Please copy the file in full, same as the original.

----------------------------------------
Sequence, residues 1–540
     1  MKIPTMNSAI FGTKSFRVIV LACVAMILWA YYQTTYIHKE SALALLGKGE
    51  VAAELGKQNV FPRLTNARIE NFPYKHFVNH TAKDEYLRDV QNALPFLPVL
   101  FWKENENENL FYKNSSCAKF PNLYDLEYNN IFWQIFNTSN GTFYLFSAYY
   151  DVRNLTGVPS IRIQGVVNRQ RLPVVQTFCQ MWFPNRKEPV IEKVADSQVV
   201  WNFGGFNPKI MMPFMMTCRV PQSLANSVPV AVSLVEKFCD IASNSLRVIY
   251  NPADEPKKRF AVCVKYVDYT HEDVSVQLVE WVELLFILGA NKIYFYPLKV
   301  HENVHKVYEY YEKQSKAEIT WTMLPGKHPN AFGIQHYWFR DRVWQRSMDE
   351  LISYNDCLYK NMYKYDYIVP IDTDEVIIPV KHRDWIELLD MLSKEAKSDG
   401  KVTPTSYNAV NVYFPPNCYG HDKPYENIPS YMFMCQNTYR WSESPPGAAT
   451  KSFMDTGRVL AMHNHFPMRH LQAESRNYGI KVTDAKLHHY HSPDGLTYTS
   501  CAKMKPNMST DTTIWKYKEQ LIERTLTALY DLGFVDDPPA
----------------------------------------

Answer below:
Sequence, residues 1–540
     1  MKIPTMNSAI FGTKSFRVIV LACVAMILWA YYQTTYIHKE SALALLGKGE
    51  VAAELGKQNV FPRLTNARIE NFPYKHFVNH TAKDEYLRDV QNALPFLPVL
   101  FWKENENENL FYKNSSCAKF PNLYDLEYNN IFWQIFNTSN GTFYLFSAYY
   151  DVRNLTGVPS IRIQGVVNRQ RLPVVQTFCQ MWFPNRKEPV IEKVADSQVV
   201  WNFGGFNPKI MMPFMMTCRV PQSLANSVPV AVSLVEKFCD IASNSLRVIY
   251  NPADEPKKRF AVCVKYVDYT HEDVSVQLVE WVELLFILGA NKIYFYPLKV
   301  HENVHKVYEY YEKQSKAEIT WTMLPGKHPN AFGIQHYWFR DRVWQRSMDE
   351  LISYNDCLYK NMYKYDYIVP IDTDEVIIPV KHRDWIELLD MLSKEAKSDG
   401  KVTPTSYNAV NVYFPPNCYG HDKPYENIPS YMFMCQNTYR WSESPPGAAT
   451  KSFMDTGRVL AMHNHFPMRH LQAESRNYGI KVTDAKLHHY HSPDGLTYTS
   501  CAKMKPNMST DTTIWKYKEQ LIERTLTALY DLGFVDDPPA